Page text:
Lack of government transparency, collusion between political and economic powers in such a brazen way that it leads the ordinary citizen to think that it is normal and legal. The same citizen that feels hypocritically comfortable with the crumbs that fall from the banquets of the lords of power.
And in the midst of it all a grave silence on the part of the central government structures in Macau, disinterested or also colluding. At this point in the championship, it seems that nothing is useful. Therefore, without further ado, let us go to what matters, which is to leave some writings for the history of the city, however irrelevant they may be.
Tourism we do not want
Recently, police were called to a shop by Chinese tourists who said they had been kidnapped. That’s right, kidnapped, which is the legal term, since the employees had locked them inside the store without letting them out until they bought some of the products.
The employees said it was a misunderstanding, that they locked the doors to protect the tourists. Hilarious. Anything goes. And the police were more interested in resolving the issue as quickly as possible and leaving.
Were it not for the presence of some media, the outrage would have sunk without trace. Like so many others. Like so much in this city. The silence that perpetuates corruption, incompetence, crime.
We have long come to the conclusion that these cheap or free tours are a cancer. They bring nothing good. Tourists are often cheated and driven like animals through black outlets – many of them seemingly unlicensed but curiously operating under the radar as they are not inspected.
These tourists do not stay overnight in Macau, causing huge disruptions in their thousands to the circulation of buses that should have been taken out of circulation more than a decade ago.
The decoy of this type of tourism are the prices. These ‘tours’ cost virtually nothing. No wonder the so-called tourists are at the mercy of those who lead them. And they know that. A tourism scheme that brings to mind the illegal emigration to the United States: hordes of people stuck in containers, treated like rats and, after arriving at their destination, enslaved by the triad snakeheads for eternity.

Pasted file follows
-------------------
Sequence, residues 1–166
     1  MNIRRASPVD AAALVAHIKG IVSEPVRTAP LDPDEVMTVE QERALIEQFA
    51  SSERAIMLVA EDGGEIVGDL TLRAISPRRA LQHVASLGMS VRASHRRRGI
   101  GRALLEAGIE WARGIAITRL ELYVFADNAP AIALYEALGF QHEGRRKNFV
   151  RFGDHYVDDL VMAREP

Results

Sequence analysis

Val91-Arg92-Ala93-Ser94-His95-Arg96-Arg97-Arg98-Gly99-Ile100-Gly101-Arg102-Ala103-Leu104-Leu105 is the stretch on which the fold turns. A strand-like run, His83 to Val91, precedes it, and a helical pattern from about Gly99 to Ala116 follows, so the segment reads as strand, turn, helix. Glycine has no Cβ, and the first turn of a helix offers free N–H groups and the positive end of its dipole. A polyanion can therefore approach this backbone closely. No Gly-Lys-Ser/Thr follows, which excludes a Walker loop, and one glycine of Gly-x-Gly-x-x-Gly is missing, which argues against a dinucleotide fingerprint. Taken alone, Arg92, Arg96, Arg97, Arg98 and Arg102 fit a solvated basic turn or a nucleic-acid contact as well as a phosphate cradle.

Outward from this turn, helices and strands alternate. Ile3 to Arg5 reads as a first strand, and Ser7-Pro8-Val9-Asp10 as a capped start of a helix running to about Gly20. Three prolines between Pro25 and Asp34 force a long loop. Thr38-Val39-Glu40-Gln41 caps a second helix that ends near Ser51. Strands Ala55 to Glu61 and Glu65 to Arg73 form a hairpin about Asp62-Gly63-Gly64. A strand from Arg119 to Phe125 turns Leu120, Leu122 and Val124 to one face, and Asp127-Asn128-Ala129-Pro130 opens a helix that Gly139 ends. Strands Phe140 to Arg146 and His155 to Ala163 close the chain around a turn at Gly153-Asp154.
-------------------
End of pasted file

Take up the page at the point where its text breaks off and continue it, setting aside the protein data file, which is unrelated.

If we already know that this type of tourism only interests those who open and close black stores as easily as buying fish in the Red Market why apparently does nobody do anything? Where is the Executive Council when it is needed – or are its members divided on this matter?
Inevitably, let’s go then to a New Year’s wish: we want politicians who feel that Macau is their home and their vaunted office not a mere table of obscure negotiations. We want effective leadership capable of courageous acts – not subterfuge embedded in familiar matters and businesses that, if known, would merit some of the biggest headlines in the Press.
We want someone to do something for Macau and not have Macau work for their bank accounts. No matter where they may be.
I believe he will
The President of the Legislative Assembly, Ho Iat Seng, has said it on several occasions: he is not interested in being Chief Executive. And will not even apply. With all the respect he deserves, I do not believe Mr. Ho is out of the race.
On the one hand, there are few who can aspire to replace Chui Sai On come December 20, 2019. Not, let’s face it, that that should be particularly difficult. But for a combination of interests. Although it would be good that Macau could finally have a leader that fights for the wellbeing of all, with charisma and ideas of his own and did not fall prey to traps and bad advice.
The fact that the current Chief Executive’s brother has taken on the vice-presidency of the parliament – an unnecessary move, we should say – and seeing in Ho Iat Seng an irresistible attraction for the first post of the SAR, leads me to conclude that he will be in the running. And to explain his change of heart will not be difficult.
It suffices to quote the old slogan that he could not say no to the call of duty by the motherland.